(Inside Science) -- The idea of digging, chipping and brushing away to uncover the past is tightly linked to archaeology. But new ways of seeing into the Earth -- and through layers of paint -- are helping researchers understand the past while keeping it intact for the next generations.
That’s one of the ideas behind new research that uses portable X-ray machines, known as pXRF, to decipher the chemical contents of paint pigments. “This is part of a whole explosion of nondestructive imaging,” said Karen Steelman, a chemist at the Shumla Archaeological Research and Education Center in Comstock, Texas. “There are a lot of field sciences that could benefit from not having to take a sample back to the lab.”
Steelman used a hand-held X-ray gun to measure 138 different areas on a massive rock art mural. She wanted to understand the way the giant panel -- painted between two and four thousand years ago -- was composed. The measurements revealed previously unseen layers of black pigment under layers of red, which were made with manganese and iron oxide, respectively. She presented her work last week at the meeting of the American Chemical Society in Orlando, Florida.
“When you deal with people who have never seen rock art before, they think it’s just doodles,” Steelman explained. “But this is complex, monumental art -- and the figures can be a couple meters tall. So this was a planned composition just like a mural in a church.”
At around $50,000 per device, the use of pXRF has exploded in museums, universities and research institutions, Steelman says -- but it hasn’t been applied to rock art all that much until now.
For Lindsay Bloch, who uses pXRF to analyze ceramics, the technique is just part of a toolbox for nondestructive archaeology. Bloch teaches courses on how to use the portable X-ray devices, and she cautions that it works best in specific situations, when the samples are made of one material and not mixed with the surrounding environment. One of the ideal materials for analysis is obsidian -- a naturally occurring volcanic glass -- because it is fine-grained, tends to stay clean, and doesn’t gather a lot of surface contamination.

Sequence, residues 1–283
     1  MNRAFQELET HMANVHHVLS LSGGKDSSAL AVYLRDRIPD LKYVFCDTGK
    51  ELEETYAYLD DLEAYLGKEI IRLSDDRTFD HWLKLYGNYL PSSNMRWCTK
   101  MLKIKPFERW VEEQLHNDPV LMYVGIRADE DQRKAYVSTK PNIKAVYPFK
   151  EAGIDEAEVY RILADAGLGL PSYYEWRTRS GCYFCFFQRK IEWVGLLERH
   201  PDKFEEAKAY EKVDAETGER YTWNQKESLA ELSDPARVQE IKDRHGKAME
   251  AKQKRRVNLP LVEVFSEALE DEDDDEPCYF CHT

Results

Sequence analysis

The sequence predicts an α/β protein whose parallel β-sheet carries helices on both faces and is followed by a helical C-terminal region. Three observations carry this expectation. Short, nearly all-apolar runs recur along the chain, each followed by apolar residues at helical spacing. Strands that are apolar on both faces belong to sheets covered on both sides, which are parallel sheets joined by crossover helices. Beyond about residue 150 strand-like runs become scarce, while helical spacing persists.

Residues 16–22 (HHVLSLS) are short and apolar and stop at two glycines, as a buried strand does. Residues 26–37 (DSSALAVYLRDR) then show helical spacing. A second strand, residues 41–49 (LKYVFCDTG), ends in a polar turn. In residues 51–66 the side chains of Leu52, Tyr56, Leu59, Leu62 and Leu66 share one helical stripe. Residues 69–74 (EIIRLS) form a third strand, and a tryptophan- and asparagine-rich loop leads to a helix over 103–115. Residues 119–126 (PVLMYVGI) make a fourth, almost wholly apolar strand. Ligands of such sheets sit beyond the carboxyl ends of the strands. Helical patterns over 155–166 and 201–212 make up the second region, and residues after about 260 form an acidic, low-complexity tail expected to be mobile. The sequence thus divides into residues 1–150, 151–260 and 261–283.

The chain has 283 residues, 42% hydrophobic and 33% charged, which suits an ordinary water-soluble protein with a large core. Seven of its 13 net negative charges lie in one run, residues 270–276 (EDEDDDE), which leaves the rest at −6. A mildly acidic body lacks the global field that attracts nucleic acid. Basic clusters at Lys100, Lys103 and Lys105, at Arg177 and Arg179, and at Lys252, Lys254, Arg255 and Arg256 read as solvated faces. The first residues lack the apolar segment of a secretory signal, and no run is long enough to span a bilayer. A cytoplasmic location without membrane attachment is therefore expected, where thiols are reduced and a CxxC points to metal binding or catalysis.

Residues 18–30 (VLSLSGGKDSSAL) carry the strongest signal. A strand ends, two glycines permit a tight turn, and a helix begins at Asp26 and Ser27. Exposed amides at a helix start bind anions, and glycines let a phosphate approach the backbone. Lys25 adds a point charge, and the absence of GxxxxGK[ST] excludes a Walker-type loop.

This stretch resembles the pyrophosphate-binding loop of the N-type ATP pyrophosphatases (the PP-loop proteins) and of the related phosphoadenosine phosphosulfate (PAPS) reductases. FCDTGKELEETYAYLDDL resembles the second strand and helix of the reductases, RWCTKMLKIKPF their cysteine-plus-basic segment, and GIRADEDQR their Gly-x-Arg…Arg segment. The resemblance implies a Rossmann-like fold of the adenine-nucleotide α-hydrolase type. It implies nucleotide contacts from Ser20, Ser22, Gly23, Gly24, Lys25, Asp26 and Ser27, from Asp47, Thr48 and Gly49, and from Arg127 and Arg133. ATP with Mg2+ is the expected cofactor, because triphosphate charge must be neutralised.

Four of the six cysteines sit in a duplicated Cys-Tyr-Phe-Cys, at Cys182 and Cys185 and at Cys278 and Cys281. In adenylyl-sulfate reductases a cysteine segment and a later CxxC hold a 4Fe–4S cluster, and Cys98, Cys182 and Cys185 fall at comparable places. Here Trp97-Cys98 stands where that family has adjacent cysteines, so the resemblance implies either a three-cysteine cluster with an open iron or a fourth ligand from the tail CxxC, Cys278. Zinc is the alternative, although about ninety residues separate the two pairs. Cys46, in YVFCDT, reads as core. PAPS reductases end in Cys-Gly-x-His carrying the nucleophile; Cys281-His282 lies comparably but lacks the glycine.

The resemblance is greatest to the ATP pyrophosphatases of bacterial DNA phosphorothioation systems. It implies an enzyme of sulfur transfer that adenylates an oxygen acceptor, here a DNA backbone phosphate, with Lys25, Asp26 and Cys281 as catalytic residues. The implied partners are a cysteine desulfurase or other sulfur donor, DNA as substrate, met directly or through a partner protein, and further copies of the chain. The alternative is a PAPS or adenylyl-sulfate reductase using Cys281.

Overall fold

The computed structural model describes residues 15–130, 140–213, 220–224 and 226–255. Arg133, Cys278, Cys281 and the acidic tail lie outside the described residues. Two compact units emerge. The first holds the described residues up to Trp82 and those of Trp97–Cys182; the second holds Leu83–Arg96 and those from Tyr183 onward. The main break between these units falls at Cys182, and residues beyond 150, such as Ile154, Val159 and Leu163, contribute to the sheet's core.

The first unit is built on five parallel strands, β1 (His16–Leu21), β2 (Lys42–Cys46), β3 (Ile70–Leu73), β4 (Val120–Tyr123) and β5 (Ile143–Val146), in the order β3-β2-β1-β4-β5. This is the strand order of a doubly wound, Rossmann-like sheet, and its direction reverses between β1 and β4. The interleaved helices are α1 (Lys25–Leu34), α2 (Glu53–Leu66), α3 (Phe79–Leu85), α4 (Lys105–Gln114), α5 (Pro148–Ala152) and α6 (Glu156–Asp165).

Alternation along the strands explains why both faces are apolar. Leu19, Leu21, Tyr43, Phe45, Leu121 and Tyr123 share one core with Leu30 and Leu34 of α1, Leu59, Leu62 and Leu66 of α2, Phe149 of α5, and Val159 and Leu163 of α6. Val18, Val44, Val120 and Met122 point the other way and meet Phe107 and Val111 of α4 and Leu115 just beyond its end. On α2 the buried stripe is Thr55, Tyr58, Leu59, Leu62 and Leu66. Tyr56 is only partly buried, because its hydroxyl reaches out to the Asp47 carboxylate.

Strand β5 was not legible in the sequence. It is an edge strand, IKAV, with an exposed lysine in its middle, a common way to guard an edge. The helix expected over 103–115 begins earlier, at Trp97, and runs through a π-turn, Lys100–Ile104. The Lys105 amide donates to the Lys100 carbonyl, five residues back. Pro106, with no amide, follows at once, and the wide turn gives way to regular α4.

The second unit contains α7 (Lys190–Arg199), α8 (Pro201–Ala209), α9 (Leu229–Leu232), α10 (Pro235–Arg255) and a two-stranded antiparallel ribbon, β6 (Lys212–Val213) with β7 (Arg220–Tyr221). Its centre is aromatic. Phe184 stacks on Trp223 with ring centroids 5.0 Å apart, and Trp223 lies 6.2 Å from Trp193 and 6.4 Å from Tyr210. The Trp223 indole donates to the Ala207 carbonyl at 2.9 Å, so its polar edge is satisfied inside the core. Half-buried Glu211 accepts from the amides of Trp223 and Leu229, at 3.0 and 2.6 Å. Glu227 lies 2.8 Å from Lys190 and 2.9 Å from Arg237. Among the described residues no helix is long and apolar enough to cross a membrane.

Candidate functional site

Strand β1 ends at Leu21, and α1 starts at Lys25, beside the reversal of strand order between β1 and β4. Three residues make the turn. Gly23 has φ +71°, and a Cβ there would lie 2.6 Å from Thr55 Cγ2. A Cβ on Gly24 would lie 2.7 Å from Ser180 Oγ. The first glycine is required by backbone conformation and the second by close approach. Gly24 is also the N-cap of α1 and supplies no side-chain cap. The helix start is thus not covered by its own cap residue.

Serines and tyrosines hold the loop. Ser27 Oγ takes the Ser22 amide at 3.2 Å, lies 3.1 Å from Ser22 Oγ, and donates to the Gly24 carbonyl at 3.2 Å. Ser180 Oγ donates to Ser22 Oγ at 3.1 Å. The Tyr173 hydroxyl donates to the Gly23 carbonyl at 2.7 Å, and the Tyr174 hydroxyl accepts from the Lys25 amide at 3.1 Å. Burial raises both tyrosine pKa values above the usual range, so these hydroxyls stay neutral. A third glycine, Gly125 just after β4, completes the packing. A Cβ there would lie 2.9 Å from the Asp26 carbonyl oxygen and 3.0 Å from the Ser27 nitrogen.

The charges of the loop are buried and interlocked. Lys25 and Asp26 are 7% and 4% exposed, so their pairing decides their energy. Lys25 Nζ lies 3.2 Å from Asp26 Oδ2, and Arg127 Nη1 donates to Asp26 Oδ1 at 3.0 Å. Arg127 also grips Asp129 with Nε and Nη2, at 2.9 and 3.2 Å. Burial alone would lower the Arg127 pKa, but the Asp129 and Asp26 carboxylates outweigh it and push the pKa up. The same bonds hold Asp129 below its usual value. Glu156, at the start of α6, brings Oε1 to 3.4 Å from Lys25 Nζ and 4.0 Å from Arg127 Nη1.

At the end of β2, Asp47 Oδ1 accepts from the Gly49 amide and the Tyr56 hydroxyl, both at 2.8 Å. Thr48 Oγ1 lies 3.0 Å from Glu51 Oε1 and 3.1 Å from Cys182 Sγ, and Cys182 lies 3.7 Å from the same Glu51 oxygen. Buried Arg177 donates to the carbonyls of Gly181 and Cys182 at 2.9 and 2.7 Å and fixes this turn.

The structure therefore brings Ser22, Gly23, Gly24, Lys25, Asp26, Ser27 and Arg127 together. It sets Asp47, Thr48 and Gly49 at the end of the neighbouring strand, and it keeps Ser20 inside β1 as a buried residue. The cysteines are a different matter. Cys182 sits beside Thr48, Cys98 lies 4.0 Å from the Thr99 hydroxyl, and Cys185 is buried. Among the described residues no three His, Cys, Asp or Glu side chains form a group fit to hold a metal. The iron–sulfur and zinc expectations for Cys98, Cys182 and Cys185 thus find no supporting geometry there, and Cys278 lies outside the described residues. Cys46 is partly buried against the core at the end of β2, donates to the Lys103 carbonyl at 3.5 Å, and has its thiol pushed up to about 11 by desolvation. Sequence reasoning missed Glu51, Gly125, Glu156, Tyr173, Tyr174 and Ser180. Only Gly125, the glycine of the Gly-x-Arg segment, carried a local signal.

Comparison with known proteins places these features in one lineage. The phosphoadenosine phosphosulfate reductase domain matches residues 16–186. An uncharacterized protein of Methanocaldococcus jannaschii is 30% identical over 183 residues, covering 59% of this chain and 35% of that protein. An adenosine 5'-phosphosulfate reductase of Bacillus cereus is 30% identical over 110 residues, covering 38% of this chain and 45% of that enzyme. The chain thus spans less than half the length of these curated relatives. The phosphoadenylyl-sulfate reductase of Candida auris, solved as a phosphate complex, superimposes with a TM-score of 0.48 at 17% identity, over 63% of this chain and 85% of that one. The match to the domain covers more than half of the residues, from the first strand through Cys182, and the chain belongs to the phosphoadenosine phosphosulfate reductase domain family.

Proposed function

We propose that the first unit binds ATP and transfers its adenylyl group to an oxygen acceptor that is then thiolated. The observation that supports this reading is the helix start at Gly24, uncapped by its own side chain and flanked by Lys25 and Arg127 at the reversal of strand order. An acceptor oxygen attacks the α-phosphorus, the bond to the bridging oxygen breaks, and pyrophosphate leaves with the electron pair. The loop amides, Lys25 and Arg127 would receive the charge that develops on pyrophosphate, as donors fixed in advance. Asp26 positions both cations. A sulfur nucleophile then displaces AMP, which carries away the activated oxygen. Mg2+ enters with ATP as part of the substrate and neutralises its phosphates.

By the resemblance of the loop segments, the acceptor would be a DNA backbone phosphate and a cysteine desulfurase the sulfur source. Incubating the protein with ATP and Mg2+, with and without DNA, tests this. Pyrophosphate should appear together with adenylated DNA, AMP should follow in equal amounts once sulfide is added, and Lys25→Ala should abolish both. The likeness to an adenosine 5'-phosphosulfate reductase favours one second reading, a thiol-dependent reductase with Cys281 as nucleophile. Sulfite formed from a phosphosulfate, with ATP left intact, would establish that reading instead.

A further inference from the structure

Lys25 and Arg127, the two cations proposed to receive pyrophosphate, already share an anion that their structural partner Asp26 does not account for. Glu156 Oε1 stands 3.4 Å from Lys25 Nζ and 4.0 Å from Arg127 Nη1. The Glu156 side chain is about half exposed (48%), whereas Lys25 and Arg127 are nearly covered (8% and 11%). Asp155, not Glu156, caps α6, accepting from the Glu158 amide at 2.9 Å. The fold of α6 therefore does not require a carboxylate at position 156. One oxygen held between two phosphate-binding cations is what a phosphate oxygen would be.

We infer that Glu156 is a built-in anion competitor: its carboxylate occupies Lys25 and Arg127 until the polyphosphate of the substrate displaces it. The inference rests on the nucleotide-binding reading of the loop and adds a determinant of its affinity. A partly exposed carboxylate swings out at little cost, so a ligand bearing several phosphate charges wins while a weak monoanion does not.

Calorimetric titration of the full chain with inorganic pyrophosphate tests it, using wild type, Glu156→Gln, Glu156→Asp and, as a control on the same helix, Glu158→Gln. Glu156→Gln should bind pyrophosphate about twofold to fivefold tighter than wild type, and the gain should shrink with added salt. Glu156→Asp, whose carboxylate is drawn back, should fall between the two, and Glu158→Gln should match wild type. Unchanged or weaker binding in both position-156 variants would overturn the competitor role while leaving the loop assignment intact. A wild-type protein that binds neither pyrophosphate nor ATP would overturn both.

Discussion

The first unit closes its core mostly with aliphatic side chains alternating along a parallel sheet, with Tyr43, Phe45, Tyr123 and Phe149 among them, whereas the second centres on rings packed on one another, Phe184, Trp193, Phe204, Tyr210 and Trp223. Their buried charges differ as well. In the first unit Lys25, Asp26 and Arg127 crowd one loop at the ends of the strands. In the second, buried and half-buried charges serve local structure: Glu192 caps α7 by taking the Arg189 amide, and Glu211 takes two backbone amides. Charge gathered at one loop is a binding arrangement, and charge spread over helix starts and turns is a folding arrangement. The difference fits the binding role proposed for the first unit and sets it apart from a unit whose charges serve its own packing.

“A lot of archaeological materials have chemical reactions when in the ground,” said Bloch, a historical archaeologist at the Florida Museum of Natural History. “So they get coatings on the material, and it’s not clear what part of the chemical signature is the material and what is coming from the sediment around it, like rust and corrosion.”
There is a growing trend toward noninvasive archaeology. In Portgual, many parts of the entire ancient city of Ammaia were excavated without digging between 2009 and 2013, thanks to ground-penetrating radar and drone photography. That’s important because when archaeologists do expose old artifacts to modern environmental conditions, they require a ton of upkeep and can sometimes crumble -- literally -- as happened in 2010 when Pompeii’s House of Gladiators collapsed.
“We are all very keenly aware of how destructive our profession is,” said Bloch. “Once you excavate a site, you can never re-excavate it exactly the same way. Because we are so concerned of getting so much information from every aspect of the archaeological record, hopefully the technology will be better in the future.”
Some of those future technologies may include fleets of supercapable robots who can squeeze into small holes and hidden spaces to uncover mysteries. That’s what one collaboration between the University of Leeds and Scoutek Ltd. is working on at the Egyptian pyramids in Giza. The researchers are using robots equipped with small endoscopes -- cameras and lights – to fit through holes as small as a millimeter.
There are certain times when it’s a luxury to leave a site untouched for future exploration, said Bloch. “The vast majority of projects are taking place because a highway is about to go through the site or a building is about to go up on top of it, so there is a need to excavate and get the information we can, right now.”
In addition, many coastal sites are in danger of being lost to sea level rise. In Florida in particular, there are archaeologists whose job it is to monitor the preservation of culturally significant sites along the coast. Sometimes that means a quick excavation to save what’s possible before flooding occurs.
Still, Bloch looks to the increasing use of pXRF, radar and even CT scans that allow scientists to get a fuller picture of artifacts. “If we can see inside without putting a shovel in the ground, it’s a fabulous way to go,” she added.
Increasing the use of nondestructive technology is one reason it’s so important for physical scientists to work closely with archaeologists, said Steelman. “Sometimes we stay too separate, but coming together allows us to do things in a new way and hopefully do better science.”